Singer-songwriter Andrew Gill talks about his new band, Junkyard Angel, his old band, Wormsloew and the difficulty of keeping a band together. He also talks about his solo projects, including a new EP.
Singer-songwriter Isaac Smith talks about his transition from sacred to secular music. A pastor’s son, he started writing his own music when he moved to Savannah a few years ago. His voice and style are very “of the moment.”
Art dealer Chris Murray talks about the photography exhibit “Elvis at 21.” On display at the Jepson Center for the Arts, the images capture Elvis Pressley in 1956, while the musician was still on the cusp on stardom. The photos were taken by Alfred Wertheimer.
Guitar-toting, rap-spitting musician Basik Lee, a.k.a. Steve Baumgartner, talks about his musical influences. His style runs the gamut from hip-hop and soul to rock and blues. He doesn’t like being put in musical boxes. A former member of Dope Sandwich, he talks about the struggle for urban music to gain legitimacy.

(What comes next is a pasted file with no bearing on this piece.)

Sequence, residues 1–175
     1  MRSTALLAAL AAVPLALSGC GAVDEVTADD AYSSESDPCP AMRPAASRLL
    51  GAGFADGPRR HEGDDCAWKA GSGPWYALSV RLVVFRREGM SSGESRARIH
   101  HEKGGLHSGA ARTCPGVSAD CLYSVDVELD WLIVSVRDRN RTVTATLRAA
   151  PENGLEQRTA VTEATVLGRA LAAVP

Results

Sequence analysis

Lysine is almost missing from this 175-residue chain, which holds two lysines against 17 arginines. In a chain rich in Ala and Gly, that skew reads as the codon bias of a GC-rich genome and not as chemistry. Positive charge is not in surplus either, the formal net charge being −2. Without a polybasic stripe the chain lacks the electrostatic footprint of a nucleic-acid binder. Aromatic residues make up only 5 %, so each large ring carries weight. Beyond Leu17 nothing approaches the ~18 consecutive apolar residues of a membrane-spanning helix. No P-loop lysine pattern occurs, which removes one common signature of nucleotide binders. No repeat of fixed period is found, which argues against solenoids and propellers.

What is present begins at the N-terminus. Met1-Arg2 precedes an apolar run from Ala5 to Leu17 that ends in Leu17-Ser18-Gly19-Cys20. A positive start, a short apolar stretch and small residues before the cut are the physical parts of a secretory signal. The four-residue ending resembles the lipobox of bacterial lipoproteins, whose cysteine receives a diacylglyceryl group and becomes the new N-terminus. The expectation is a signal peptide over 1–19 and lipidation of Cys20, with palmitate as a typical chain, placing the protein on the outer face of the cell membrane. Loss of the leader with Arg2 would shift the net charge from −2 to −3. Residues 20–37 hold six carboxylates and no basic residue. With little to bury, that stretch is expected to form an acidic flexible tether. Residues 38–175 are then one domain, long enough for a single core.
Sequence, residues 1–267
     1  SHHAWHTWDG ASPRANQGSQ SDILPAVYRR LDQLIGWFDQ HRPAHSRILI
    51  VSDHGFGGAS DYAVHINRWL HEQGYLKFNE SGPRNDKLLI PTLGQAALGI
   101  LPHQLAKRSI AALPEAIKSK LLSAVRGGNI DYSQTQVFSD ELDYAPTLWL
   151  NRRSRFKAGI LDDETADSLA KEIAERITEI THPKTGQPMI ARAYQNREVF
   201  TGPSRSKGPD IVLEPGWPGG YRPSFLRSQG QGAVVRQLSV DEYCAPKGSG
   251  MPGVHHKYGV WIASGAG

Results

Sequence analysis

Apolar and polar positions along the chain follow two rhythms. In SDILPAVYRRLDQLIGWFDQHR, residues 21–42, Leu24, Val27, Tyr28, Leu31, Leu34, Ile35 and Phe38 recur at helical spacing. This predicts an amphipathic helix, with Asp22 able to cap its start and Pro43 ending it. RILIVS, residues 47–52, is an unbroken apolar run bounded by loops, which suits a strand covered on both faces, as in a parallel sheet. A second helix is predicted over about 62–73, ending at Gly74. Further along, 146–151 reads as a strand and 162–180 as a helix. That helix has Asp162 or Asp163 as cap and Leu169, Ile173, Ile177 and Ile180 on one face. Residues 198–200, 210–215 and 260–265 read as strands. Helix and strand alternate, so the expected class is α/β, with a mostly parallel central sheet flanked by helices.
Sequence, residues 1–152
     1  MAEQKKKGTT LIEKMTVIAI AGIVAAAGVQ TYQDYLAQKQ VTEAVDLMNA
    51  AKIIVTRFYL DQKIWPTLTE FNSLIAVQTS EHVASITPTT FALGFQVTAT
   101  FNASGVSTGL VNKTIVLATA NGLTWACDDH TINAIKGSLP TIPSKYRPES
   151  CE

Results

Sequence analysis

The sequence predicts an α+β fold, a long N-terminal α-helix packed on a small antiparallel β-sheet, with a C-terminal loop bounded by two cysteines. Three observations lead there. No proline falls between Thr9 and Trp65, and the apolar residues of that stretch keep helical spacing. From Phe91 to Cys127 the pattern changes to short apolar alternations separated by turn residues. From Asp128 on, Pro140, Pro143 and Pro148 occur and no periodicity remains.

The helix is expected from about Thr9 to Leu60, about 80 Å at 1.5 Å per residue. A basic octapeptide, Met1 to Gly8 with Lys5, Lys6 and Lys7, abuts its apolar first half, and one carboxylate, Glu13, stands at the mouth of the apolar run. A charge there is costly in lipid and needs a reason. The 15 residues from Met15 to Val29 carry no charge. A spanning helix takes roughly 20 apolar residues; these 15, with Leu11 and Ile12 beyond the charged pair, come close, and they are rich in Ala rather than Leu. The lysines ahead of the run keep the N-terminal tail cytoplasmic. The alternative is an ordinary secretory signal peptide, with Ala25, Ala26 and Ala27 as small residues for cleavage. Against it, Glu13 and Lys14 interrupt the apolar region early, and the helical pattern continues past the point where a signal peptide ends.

Xulu Jones of the band Xuluprophet talks about his eclectic style, his distinctive voice and his rise from homelessness and addiction. He describes his musical influences and performs four songs. He shares some of his views on food security and religion.
Photographer Jon Waits is best known around Savannah for his evocative concert photos. He talks about capturing special moments in performance. But his photographic passions also include wildlife and the rural South. He explains how sobriety led him to take pictures seriously.
Kourtney and Kyrsten Roseman talk about their band, The Rosies. They just released a new album, Efflorescence. On it, they harmonize like only sisters can. They talk about their family and personal struggles using country, Americana and pop styles.
Jason Bible of the Savannah band The Train Wrecks talks about the songwriting process behind five songs on the band’s new album We Roll On. He says the band’s third release brings new sounds. And he says the production is slightly different, too.